Harris is probably projecting when he accuses others of being unethical. I would argue that Harris and Patterson misleading students by cherry picking, providing them with misinformation and even making fallacious stements about the science is unethical. Sadly, that critical point is lost on Harris and Patterson. IMO, their behaviour is the very antithesis of ethical, professional and informed behaviour.

  17. I’m halway through the broadcast that Harris referred us to above and until now they have only argued the ‘denier’ strawman and ridiculed Dr. Suzuki. Still waiting for them to “dismiss” the findings made by CASS. Then again, maybe Tom is using another meaning of dismiss, as is dismiss them without actually addressing their critique and without making a scienetifically robust/valid counter argument.

    We’ll see what the second half yields…

  18. Patterson tried to defend his claim that “It could be starting now” or that we should “prepare for global cooling” by saying that we will be heading into another glacial cycle in a few thousand years. That is not a refutation at all and is a huge red herring and to make that claim is incredibly misleading in the context of what is happening now and the warming that will transpire in the next couple of centuries as we go on to double and perhaps even quadruple CO2 levels.

    Next Harris takes issue with them being challenged claiming that “The only constant about climate is change”. This is of course both a strawman and a red herring. No climate scientist denies that climate changes. They also know that those changes are in repsonse to one or more forcings.

    In the interview Harris mocks the authors for calling him on his red herring. What he does not tell listeners is why they called him on it, they say:

    “The fact that climate has changed dramatically in the past only goes to demonstrate the sensitivity that the climate system exhibits. This makes it more reasonable to assume that humans are capable of perturbing that system.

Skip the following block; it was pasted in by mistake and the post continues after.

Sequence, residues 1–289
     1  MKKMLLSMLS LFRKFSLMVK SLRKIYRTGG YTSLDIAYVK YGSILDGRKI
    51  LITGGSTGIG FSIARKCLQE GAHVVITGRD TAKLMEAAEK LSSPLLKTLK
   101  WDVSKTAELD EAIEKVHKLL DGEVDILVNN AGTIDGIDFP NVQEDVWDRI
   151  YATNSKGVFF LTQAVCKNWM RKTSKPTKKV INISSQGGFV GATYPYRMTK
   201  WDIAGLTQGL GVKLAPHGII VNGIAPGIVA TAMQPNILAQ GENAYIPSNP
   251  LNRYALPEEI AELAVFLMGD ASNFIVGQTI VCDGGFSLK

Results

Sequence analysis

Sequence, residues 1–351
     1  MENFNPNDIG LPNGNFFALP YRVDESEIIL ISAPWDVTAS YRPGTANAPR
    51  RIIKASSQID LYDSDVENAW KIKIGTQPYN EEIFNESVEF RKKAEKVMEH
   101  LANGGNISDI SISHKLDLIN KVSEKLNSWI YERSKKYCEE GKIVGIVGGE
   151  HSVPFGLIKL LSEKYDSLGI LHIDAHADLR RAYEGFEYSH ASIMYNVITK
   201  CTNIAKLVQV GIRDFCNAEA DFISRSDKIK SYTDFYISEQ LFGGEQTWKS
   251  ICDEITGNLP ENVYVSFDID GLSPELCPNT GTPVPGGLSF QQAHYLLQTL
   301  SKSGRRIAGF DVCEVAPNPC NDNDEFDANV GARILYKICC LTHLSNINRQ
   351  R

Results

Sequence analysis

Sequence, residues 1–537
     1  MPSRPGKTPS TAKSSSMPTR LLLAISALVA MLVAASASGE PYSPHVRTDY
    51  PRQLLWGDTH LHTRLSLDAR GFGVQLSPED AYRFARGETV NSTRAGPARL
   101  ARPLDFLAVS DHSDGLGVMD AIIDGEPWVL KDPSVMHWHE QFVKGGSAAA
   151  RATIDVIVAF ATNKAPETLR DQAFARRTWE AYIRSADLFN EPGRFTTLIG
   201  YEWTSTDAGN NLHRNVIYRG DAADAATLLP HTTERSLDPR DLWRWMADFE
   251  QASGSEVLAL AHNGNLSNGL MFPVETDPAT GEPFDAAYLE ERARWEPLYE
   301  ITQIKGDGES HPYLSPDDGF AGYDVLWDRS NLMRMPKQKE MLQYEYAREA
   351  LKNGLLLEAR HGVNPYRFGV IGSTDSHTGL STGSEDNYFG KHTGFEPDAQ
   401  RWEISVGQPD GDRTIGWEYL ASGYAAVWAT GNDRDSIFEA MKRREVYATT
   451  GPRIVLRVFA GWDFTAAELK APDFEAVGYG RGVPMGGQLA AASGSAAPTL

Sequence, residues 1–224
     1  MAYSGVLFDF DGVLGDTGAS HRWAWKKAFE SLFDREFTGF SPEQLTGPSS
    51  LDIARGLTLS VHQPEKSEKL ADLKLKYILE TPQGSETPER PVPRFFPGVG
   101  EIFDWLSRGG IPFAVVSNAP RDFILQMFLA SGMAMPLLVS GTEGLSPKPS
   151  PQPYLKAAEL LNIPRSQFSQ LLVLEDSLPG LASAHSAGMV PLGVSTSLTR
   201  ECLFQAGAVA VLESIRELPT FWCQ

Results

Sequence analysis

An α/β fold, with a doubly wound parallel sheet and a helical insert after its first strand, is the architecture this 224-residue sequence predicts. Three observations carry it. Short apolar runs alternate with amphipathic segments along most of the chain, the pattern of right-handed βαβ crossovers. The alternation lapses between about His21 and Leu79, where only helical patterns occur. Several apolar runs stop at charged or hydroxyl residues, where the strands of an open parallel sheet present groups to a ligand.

That is a very valid and factually correct argument to counter the strawman and red herring.

    Harris also told the students that “The only constant about climate is change” which is mostly true, but that is not the whole story, because the forcings do change and we are now actively and significantly changing the forcings and have placed the climate system in a positive energy imbalance. Moreover, in the past the forcings have changed extremely slowly compared to the rate we are increasing the radiative forcings by emitting GHGs into the atmosphere. It is truly disingenuous for Harris and Patterson to not place the current changes in that context.
    `
    Those were the only two critiques that they tried to dimsiss and both were epic fails….so much for Harris claiming above that we should listen to the “course originator dismiss their findings.”

    • “we will be heading into another glacial cycle in a few thousand years”

      Along with MapleLeaf I call “Cr*p!” This meme has been looked at before by climate scientists. Per Tzedakis et al 2012, “glacial inception would require CO2 concentrations below preindustrial levels of 280 ppmv” (for reference, we are at about 396 right now…and climbing).

      Earlier, Tyrrell et al 2007 examined this, concluding that we have already skipped the next glacial epoch. Furthermore, Tyrrell concludes that if we continue our present fossil fuel consumption, we will skip the next 5 glacial epochs. So no glacial epochs the next million years…(hmm, seems like I’m having to repeat myself a lot).

      Harris needs to up his game (his material was debunked years ago). This is like shooting ducks on the (now non-frozen) pond.

      • And even if it had a chance of being true, why on Earth should we care? Our problem is to get through the next century without ‘crashing the system.’

      • Pete Dunkelberg

        Harris needs to up his game (his material was debunked years ago).

        No, all the deniers need is a moderately long list of stuff to recycle. :(

  19. Brandon Shollenberger

    Tamino, I was wondering if you could explain what kind of smoothing you used for your figures. Your smoothed line extends as far as the data does, implying none is excluded, yet it goes up while at the end, your data goes down. The last four points are equal to or lower than the ten points before them, so I can’t figure out why the smoothed line shows a steady increase.

    Incidentally, it’s kind of funny you mention the possibility of someone objecting “that [you]’ve applied some fancy smoothing method designed to get what [you] wanted” as I’m sure some would get the impression you did just that as your smoothed line goes up while the data goes down. The same is true for your five year average graph which has a different visual impact because of the periods you used.

    Mind you,none of this has any real relevance to the point you make in your blog post. I’m just curious about how that smoothed line was made.